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Fiscal and economic outlook strong - Cullen

Hon Dr Michael Cullen
Treasurer
Minister of Finance

15 June 2000


Fiscal and economic outlook strong - Cullen

"Budget 2000 does not attempt to do everything at once. But it does clearly signpost the direction in which the Labour-Alliance coalition wants to take the country," Finance Minister Michael Cullen said today.

"The task we have set ourselves is to restore faith in the political process and to rebuild New Zealand's tattered social and economic infrastructure. The budget gives us a strong basis from which to build.

"The economic outlook is positive. It has been a good growing season for agriculture. Looking forward, strong world demand, rising commodity prices and a favourable exchange rate will see growth averaging about 3 per cent a year over the next three years.

"These effects will provide a strong stimulus for the export sector. Exports are projected to grow by about 15 percent over the next two years.

"This will take pressure off the current account deficit which is expected to shrink to around 5 percent of GDP by 2002-2003. It will also broaden the base of the economic recovery and put it on a stronger foundation.

"Unemployment is forecast to drop to just above 5 percent in the 2001-2002 financial year and to remain below 6 percent throughout the forecast period.

"The fiscal position is also robust. The Budget points to a pattern of substantial and rising surpluses.

"The surplus for the current 1999-2000 year is forecast at $763 million. The figures for the next four years are $1.01 billion, $2.09 billion, $2.73 billion and $3.22 billion respectively.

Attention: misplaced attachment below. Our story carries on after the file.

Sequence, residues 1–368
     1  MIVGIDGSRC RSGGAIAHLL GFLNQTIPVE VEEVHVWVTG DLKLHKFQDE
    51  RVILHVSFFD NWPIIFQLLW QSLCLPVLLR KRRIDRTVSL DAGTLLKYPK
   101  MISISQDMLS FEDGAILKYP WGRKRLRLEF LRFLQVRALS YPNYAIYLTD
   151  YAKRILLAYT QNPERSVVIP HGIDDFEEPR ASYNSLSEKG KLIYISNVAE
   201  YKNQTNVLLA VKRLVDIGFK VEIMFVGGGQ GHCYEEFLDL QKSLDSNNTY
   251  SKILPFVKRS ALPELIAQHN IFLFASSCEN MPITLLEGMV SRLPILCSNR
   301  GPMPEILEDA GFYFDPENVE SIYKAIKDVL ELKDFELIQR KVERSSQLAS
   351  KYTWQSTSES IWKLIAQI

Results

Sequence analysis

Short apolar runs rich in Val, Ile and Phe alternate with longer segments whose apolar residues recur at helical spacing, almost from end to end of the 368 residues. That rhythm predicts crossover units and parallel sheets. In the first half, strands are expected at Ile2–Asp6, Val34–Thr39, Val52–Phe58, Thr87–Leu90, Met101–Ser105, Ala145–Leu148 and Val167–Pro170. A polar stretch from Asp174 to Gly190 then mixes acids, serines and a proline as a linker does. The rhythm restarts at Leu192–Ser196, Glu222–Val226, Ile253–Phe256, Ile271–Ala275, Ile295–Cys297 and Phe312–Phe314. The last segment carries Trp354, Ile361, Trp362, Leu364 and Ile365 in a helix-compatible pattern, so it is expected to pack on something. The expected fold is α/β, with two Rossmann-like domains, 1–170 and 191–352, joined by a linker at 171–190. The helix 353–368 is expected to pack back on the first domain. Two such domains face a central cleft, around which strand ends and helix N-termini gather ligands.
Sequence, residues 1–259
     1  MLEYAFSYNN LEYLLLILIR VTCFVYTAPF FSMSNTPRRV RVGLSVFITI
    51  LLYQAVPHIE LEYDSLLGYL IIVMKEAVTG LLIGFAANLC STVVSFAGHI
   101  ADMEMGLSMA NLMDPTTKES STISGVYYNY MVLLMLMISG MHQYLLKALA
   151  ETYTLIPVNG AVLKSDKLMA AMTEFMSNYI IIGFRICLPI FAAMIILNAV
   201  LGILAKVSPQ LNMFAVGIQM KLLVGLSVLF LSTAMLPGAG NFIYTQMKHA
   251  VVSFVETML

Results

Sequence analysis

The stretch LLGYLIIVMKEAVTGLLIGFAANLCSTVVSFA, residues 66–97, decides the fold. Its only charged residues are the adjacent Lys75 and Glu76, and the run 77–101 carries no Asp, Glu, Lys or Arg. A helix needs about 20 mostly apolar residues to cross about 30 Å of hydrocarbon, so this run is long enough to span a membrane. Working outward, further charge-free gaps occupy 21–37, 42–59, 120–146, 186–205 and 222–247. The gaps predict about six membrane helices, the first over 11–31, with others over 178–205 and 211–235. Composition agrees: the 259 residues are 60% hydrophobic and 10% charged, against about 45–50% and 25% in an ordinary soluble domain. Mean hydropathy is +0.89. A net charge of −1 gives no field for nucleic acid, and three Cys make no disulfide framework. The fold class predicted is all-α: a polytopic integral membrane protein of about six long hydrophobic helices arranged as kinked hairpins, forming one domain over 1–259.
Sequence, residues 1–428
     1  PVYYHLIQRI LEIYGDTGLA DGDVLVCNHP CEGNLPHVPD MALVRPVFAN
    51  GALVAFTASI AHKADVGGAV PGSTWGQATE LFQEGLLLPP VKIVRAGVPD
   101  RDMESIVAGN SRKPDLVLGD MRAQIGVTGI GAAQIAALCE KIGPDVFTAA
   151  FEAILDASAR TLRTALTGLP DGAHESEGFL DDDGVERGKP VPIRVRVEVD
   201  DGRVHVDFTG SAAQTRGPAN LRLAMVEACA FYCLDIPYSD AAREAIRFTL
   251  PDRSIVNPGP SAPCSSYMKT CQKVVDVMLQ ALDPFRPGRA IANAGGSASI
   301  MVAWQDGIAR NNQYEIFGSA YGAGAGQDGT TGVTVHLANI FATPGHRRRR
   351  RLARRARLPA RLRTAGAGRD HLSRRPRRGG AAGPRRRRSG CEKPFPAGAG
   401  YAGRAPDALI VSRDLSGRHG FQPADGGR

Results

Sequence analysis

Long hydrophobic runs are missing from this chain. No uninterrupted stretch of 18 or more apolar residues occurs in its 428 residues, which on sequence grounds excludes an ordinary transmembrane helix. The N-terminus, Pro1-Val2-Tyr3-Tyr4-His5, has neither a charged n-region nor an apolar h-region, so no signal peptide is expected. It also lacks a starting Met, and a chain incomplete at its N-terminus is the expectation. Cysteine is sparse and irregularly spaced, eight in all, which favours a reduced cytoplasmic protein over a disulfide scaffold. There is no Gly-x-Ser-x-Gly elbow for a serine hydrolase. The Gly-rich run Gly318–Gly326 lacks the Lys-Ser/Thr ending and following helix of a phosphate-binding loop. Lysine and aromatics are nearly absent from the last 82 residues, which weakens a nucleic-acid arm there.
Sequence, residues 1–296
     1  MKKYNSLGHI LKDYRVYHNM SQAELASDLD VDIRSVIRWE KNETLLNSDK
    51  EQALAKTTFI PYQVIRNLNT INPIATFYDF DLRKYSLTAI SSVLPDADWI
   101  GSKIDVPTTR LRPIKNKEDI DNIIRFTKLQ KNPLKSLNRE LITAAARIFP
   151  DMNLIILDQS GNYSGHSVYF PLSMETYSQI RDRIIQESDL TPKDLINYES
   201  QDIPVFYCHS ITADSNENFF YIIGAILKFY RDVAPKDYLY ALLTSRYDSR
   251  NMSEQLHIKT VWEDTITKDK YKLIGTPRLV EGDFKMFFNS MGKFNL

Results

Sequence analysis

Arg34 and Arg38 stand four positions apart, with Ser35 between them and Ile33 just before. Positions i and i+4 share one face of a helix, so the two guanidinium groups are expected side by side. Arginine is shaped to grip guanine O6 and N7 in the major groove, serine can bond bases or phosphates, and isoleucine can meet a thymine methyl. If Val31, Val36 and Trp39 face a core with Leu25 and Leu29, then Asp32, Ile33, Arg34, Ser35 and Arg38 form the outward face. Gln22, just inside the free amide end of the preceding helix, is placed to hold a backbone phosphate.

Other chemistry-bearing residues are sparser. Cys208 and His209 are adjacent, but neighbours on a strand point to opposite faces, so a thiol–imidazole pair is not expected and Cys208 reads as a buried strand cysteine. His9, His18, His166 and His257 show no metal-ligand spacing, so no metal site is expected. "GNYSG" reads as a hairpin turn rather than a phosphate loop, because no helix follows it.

"That money will not be spent. We have promised that we will be a fiscally conservative Government and we will hold to that promise. The $5.9 billion cap we have imposed on new spending will stand.

"Although the surplus forecasts in the Budget are consistently higher than the track outlined in the March Budget Policy Statement, the Government's spending profile has been loaded slightly more toward the front end," Dr Cullen said.

"The big change is in the present [1999-2000] year. The BPS anticipated $150 million in new spending but this has been exceeded by $270 million, producing a total of $420 million.

"The West Coast settlement at $135 million [GST inclusive] accounted for almost half the shift. Other big ticket items were $82 million for the arts package and $16 million for high performance sports. All these expenses come on to the Government's accounts this year.

"New spending in the coming 2000-2001 financial year, at $1,230 million, is only $30 million above the provision made in the BPS.

"These shifts will be made up for by smaller spending provisions in the out-years. Obviously strong discipline will be required in those years but I do not anticipate a problem," Dr Cullen said.

"Spending pressures are always strongest in a Government's first year in office, especially after nine years in Opposition. And the most urgent of our spending priorities have now been met.

"Also I was impressed with the disciplined and collegial approach my cabinet colleagues brought to the budget round.

"Net Government debt is projected to fall to 16.5 percent of GDP over the next four years," Dr Cullen said.

"The Government will also be building up assets through the proposed New Zealand Superannuation Fund to partially pre-fund the costs of supporting the large baby boomer generation in retirement.

"We have yet to finalise the details of our policy approach to pre-funding but the Treasury has done a lot of technical work on the subject, some of which is discussed in the budget documentation.

"The harsh fact is that we cannot afford to delay much longer. Unless we begin to make some forward provision soon, future governments and future generations will be confronted with three equally unpalatable choices: large tax hikes, savage cuts in the level of the pension or tough age, work, income or asset tests to limit eligibility.

"All three options would be damaging to the social and economic fabric of the nation," Dr Cullen said.

Change in operating balance

$ million 1999/2000 2000/01 2001/02 2002/03 2003/04
BPS operating balance 400 1,000 1,900 2,200 2,600
Budget operating balance 763 1,012 2,091 2,733 3,222
Change 363 12 191 533 622

Change in fiscal provisions

$ million 1999/2000 2000/01 2001/02 2002/03 2003/04
Indicative provisions BPS 150 1,200 1,850 2,650 5,850
Fiscal provisions Budget 420 1,230 1,790 2,425 5,865
Change 270 30 (60) (225) 15

ENDS


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